In the Tormentil it is a rose plant. The plant can also be used as a medicinal herb.
The name bloodroot is attributed to the blood-red discoloration of the plant roots when they are scratched. The rose plant reaches a height of approx. 30 centimeters. As Tormentil (Potentilla erecta) is a medicinal plant that belongs to the rose family (Rosaceae) counts. She is also under the names Tormentill, Durmentill, Seven fingers, Roe root, Adder root or Dysentery known.
The name bloodroot is attributed to the blood-red discoloration of the plant roots when they are scratched. The rose plant reaches a height of approx. 30 centimeters. A typical feature of the plant are its bright yellow flowers. The inside of the rhizome is colored red and is dark brown on the outside. Several stalks are driven out of the tormentil. On these are the serrated leaves.
The bloom time of the tormentil takes place between June and August. The home of the plant is in northern and central Europe, but it can also be found in western Asia. The plant prefers to thrive in meadows, in light forests and in sunny places. It shouldn't be too warm for it to grow well. The bloodroot has several ingredients that can be used therapeutically.
These include primarily the tannins. 15 to 20 percent of the tannins come from the catechin type. It also contains the glycoside tormentillin as well as flavonoids and essential oils. Other ingredients include saponins, phenolic acid, gum, resin and the coloring agent Tormentol.
Herbal medicine uses the tannins found in the root of the bloodroot for therapeutic purposes. After collecting the plant, the root is first chopped up. Then the effective drugs are extracted with the help of alcohol. The tannins of the bloodroot have a contracting (astringent) effect. They also have the ability to change the structure of proteins. This leads to solidification or upper layers of the skin and mucous membranes.
This creates a hemostatic effect, which in turn allows wounds to be sealed. The bloodroot also makes it difficult for bacteria to penetrate the skin or mucous membrane. Nerve signals are transmitted more weakly by the skin. This fact can have a positive effect on itching. The medicinal plant also has an antibacterial, detoxifying, antispasmodic and immune stimulating effect.
The bloodroot can be administered in different ways. So it can be taken as a tea, among other things. To brew it, add a cup or two of hot, boiled water to the tormentil. Then the tea steeps for another ten minutes. After straining, the patient can have one to three teacups per day.
It is recommended to take a break from bloodroot tea after six weeks of therapy. Instead, the user drinks a different tea that has a similar effect. After this break, the bloodroot tea can be served again.
Another possible application is the administration of a tormentil tincture. You can also make this yourself. For this purpose, the bloodroot is placed in a screw-top jar. Then the user pours all parts of the plant with alcohol or double grain. After closing the jar, this mixture is left to draw for six to eight weeks. Later the mixture is strained and poured into a dark bottle. The dose for using the tincture is 10 to 50 drops per day. It is also possible to dilute the tincture with water.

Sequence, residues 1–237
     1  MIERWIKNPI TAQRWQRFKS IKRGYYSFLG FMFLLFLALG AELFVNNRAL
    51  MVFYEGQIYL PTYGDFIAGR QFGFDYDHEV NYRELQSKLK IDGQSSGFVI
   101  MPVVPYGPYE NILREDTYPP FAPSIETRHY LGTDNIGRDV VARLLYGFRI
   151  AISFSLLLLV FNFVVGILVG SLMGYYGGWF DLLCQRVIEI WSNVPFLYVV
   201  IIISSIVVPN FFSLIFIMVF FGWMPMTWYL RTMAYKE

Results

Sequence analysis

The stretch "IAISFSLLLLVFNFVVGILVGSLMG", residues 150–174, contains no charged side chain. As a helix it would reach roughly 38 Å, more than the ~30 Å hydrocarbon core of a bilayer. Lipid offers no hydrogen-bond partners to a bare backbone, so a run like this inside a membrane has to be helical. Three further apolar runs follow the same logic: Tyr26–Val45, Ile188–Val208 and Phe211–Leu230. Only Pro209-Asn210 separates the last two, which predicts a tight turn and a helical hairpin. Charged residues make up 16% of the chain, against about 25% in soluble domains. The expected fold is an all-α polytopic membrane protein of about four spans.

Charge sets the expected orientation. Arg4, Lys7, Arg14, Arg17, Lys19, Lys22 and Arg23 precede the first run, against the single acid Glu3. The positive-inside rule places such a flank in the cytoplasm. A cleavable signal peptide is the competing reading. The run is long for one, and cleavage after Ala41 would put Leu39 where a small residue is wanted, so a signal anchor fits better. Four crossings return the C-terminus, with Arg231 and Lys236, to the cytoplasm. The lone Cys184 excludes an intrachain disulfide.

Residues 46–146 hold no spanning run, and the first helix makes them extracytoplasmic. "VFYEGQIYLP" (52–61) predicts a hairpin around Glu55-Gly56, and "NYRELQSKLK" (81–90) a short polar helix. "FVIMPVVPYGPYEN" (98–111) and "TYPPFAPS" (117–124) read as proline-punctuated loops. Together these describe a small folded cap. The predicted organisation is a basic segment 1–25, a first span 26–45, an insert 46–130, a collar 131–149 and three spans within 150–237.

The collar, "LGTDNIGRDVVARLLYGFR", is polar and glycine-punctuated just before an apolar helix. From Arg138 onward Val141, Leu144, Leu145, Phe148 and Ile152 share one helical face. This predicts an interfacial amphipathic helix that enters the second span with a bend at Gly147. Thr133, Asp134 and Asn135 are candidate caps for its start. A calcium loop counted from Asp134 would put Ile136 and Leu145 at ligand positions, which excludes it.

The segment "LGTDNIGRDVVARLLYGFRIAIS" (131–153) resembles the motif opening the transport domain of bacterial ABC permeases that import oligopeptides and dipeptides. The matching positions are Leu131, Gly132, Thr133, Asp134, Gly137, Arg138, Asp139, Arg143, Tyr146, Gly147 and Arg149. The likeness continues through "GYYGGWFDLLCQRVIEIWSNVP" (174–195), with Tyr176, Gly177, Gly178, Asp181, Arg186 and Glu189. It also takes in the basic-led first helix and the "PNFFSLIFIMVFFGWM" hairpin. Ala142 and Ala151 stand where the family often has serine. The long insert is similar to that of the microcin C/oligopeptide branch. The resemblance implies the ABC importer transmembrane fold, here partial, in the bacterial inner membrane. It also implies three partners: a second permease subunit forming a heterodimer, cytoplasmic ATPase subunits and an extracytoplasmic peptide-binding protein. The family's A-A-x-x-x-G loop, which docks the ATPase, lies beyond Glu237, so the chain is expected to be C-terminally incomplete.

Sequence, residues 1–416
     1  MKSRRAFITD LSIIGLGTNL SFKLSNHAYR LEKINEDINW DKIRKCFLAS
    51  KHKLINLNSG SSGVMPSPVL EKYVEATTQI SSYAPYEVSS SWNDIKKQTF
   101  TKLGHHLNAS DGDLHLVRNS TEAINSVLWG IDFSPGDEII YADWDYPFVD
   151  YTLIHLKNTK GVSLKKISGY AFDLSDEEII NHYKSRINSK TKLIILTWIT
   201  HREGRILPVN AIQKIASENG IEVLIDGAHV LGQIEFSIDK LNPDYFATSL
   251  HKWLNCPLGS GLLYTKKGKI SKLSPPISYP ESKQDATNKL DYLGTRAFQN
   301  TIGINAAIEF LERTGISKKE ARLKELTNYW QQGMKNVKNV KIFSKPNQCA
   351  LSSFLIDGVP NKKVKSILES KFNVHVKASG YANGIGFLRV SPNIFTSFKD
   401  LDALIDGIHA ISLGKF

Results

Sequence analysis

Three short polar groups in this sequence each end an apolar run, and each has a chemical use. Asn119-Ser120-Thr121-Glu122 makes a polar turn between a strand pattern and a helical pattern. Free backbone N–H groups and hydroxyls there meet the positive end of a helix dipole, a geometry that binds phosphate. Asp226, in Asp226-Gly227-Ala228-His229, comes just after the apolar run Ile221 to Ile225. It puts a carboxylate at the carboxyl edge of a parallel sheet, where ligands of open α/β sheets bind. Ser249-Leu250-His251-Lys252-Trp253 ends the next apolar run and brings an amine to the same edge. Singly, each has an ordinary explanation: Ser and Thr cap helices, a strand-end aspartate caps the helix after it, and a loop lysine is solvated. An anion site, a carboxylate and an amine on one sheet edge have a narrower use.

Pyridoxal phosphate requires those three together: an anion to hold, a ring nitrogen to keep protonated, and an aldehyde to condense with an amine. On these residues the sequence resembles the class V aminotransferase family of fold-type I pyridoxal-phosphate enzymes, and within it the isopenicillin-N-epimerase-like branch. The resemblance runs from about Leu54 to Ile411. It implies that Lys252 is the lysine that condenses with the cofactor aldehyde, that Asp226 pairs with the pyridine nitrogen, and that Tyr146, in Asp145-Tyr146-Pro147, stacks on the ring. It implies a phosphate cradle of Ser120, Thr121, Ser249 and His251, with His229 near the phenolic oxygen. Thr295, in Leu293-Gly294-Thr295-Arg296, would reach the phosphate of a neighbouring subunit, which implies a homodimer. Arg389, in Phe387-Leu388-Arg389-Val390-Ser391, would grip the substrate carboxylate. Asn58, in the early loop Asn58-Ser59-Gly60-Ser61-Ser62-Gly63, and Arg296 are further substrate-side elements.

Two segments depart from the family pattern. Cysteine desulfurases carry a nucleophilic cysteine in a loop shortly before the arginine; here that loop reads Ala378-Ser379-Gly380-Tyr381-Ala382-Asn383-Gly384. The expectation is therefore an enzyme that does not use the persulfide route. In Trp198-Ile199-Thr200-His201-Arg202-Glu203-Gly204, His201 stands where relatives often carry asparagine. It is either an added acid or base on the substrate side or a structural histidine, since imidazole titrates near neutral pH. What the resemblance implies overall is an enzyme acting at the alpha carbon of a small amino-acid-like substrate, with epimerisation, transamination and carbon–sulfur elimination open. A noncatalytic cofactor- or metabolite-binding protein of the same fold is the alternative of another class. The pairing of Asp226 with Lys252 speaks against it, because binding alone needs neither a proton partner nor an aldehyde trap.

The bloodroot can also be used externally. The tincture or tormentil tea can be used in the form of washes, poultices or baths.
The therapeutic effectiveness of tormentil was already known in the Middle Ages. At the time, the medicinal plant was even considered an effective remedy against the dreaded plague. Hildegard von Bingen (1098-1179) recommended it for the treatment of diarrhea. Even today, the bloodroot is used against acute, unspecific diarrheal diseases such as traveler's diarrhea. It is also suitable for treating the bacterial dysentery caused by the Shigella bacteria.
Other areas of application in the gastrointestinal area are intestinal cramps, bleeding in the rectum and so-called irritable bowel syndrome. Due to its high content of tannins, the plant is often used to treat inflammation of the mouth and throat, such as sore throat, oral mucosal inflammation, gingivitis or sore throat. To do this, the patient rinses his mouth with the bloodroot tea or tincture.
There are also some external complaints that can be treated with the bloodroot. These include wounds, bleeding and various skin diseases. Treatment with the plant is also useful against loss of appetite, weak immune system, fever, rheumatic diseases, gout, conjunctivitis of the eye, hemorrhoids, itching of the anus, bruises or burns.
Since the bloodroot is said to lower blood sugar levels, it can also be used to treat diabetes mellitus. Another area of application is women's diseases. For example, tormentil can be used against bleeding from the uterus or excessive menstrual bleeding. It also promotes menstruation in women. In homeopathy, the bloodroot is rarely used. There it is used to treat acute or chronic intestinal problems.
Treatment with the bloodroot is not suitable if the patient reacts to its ingestion with nausea or other stomach problems. In this case, the patient should refrain from therapy with the plant. Simultaneous use with other drugs is also not recommended.